Stop showing the money, start sharing the values
There are so many initiatives to measure the natural, social and sustainable capital that you would almost trip over them. At a recent sustainability congress, a researcher stated that they had identified over 60 methods for measuring sustainability. And that’s probably not even all. There seem to be over 130 initiatives worldwide.
Companies like to pick a method and apply it retrospectively, to mention in their annual report what they have done with regards to sustainability like the Dutch Railways recently did. If you use natural or social capital evaluation in this way, you’re just using it as an explanation or justification of what you have done. You’re not using it for decision-making upfront. Explaining your achievements is a good first step, but not sufficient. It would be good to raise two fundamental questions about measuring after the fact. Is this really the value you could have achieved? And how transparent is your chosen method and what does it actually measure?
Real value is created bottom-up
Many companies have established measuring natural and social capital as a goal in itself, at the corporate level. However, the impact is realized on a business and operational level. If we want to change the way we work, we have to establish targets at those levels. Right now, those targets often don’t exist. Of course, it’s difficult to determine these targets. The idea of sustainability goals is new and we don’t have established practices to translate corporate targets into operational KPIs. Only then will natural and social capital be taken into account when businesses make day-to-day decisions.
The good news is that we see more and more that the responsibility for achieving sustainability targets is laid down at the business level. Sustainability even shows up in personal targets for employees. That alignment is crucial for creating ownership of shared sustainable values. Making people personally responsible for sustainable targets ensures that employees embed sustainability in their daily work and take control of achieving their targets. Only if that step is taken will we be able to realize the full potential of the natural and social value we can create.
Credibility requires transparency
A second fundamental question is how transparent all these methodologies are. Sometimes they can feel like a way for consultants to generate new business. Nearly all big consultancy firms and many smaller ones have developed their own methodologies. Established firms such as KPMG, Deloitte and PwC, to name a few, are working on natural or social capital valuation methodologies. New firms and organizations, such as TruCost and TruePrice, have also developed a method of their own. The WBCSD and IUCN are leading a consortium that is trying to establish a Natural Capital Protocol.
These initiatives all deserve praise, and the work they do is important. The only problem is that these methods are often not very open and transparent. That makes it hard to verify what they do. As long as these methods stay proprietary, measuring sustainability will never become mainstream. The lack of transparency doesn’t help these initiatives’ credibility either. Would we ever accept it if our accounting rules were not transparent and that every accountancy firm had its own rules?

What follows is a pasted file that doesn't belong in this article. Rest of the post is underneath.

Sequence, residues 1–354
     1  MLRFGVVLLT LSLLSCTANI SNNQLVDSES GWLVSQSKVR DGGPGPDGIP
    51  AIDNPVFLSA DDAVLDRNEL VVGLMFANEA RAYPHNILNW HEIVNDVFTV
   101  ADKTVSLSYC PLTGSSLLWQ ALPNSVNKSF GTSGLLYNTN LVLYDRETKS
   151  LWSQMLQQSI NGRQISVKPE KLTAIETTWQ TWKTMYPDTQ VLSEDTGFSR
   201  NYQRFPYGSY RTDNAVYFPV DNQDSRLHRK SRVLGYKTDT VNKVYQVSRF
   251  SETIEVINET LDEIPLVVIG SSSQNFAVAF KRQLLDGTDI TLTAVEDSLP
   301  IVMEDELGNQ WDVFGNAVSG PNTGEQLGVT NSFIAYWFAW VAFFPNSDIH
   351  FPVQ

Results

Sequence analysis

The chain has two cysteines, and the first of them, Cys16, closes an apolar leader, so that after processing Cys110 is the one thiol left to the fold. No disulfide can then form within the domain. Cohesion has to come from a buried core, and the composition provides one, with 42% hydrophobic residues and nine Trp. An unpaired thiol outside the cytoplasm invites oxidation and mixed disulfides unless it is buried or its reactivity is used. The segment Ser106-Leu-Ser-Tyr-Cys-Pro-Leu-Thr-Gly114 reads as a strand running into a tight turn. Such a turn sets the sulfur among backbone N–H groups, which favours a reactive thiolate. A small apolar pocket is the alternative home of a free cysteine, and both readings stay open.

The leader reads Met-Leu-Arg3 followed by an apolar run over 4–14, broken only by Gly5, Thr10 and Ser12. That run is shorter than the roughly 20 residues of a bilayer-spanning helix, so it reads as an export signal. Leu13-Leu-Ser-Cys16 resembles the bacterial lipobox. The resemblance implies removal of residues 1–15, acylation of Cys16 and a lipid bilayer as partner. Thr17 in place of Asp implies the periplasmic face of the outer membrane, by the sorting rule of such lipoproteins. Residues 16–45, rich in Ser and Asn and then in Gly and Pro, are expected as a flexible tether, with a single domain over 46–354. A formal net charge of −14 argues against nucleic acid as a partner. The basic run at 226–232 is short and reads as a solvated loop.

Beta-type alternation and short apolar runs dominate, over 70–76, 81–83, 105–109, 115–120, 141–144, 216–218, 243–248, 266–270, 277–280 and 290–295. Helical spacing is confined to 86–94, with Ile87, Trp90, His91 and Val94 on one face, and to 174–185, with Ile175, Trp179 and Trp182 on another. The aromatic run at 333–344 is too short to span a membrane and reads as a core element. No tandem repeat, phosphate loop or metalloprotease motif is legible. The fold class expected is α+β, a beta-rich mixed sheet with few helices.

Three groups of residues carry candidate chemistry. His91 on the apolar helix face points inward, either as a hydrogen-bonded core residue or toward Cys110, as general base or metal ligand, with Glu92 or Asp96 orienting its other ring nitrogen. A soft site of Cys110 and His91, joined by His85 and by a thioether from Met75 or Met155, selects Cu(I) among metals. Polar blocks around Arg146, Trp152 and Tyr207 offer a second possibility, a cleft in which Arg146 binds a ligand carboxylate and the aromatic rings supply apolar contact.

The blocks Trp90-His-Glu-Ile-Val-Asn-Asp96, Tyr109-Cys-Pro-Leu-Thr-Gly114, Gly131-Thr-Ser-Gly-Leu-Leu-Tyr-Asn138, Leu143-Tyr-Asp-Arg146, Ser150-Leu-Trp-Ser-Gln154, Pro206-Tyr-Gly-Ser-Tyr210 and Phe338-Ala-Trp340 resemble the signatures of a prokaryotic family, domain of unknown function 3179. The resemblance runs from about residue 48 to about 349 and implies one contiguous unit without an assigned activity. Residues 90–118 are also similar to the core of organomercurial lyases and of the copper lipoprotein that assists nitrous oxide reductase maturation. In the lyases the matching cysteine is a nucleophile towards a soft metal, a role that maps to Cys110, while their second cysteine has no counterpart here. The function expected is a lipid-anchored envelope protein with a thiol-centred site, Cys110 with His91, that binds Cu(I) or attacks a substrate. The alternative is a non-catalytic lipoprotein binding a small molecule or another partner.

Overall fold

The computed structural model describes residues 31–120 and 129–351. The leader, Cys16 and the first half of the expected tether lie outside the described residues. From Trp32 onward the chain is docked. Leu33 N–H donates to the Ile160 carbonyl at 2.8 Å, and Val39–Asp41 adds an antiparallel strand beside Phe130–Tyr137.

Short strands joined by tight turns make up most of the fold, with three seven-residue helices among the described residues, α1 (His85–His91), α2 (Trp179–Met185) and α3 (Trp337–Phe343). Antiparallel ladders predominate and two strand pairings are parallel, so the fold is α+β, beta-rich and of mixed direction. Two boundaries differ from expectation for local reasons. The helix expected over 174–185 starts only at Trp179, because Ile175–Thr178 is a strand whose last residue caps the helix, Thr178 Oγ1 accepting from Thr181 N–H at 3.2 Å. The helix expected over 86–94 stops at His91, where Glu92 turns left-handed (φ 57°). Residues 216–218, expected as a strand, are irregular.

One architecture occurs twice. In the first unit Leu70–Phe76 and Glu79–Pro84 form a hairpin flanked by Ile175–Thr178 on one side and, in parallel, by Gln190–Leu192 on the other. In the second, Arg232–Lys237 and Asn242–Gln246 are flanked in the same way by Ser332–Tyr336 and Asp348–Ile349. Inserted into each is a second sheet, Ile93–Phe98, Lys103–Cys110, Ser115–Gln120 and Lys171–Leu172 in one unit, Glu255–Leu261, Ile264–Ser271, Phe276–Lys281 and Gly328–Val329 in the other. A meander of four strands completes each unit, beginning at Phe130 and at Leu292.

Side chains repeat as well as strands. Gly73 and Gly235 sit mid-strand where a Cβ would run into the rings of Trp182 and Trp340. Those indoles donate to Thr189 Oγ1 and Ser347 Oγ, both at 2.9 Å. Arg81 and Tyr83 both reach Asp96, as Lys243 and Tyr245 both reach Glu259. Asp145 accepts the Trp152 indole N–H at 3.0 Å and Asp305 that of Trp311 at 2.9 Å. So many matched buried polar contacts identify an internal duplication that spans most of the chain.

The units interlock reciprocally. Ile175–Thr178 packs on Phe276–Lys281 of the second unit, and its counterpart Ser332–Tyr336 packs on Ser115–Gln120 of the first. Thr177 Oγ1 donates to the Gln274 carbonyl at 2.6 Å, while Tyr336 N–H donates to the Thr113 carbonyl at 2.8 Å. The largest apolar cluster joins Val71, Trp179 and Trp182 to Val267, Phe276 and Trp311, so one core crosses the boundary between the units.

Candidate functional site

The time has come for a new business model
What we should ask ourselves is: what do we want to accomplish with natural and social capital accounting? We’re trying to capture the values of a new, more sustainable world in an old-world model: money. That’s effective, as it gives us something to hold on to when we try to establish what these new values are worth. Monetizing natural and social impacts provides a nice reference for what we do.
The challenge, however, is to create a new reference, because we’ve gotten stuck in the old model. We need new definitions of success. That requires new business models: models that value more than just money, models in which value is created collectively, and models that have shared, sustainable value at their core. That’s what we need to work on, from the bottom up, where the real impact is. This work will give us the inspiration to do the things we do in a different and better way, together.
We need to replace the good old profit and loss account with a fundamentally different way to determine value. New accounting and reporting rules won’t make the difference. A business model that rethinks value creation will. A fundamentally different way for creating and sharing value, and reinforcing everyone’s position with that shared value. That will help us act smarter.
Sustainability is all about impact. Positive impact makes you meaningful. But first you have to know where you are making an impact and where you can create shared value. That’s where PRé comes in. Pinpointing your impact is an essential starting point for taking joint action with people and organisations in your ecosystem. The combination of sustainability and social business can make a real change in the way we do business.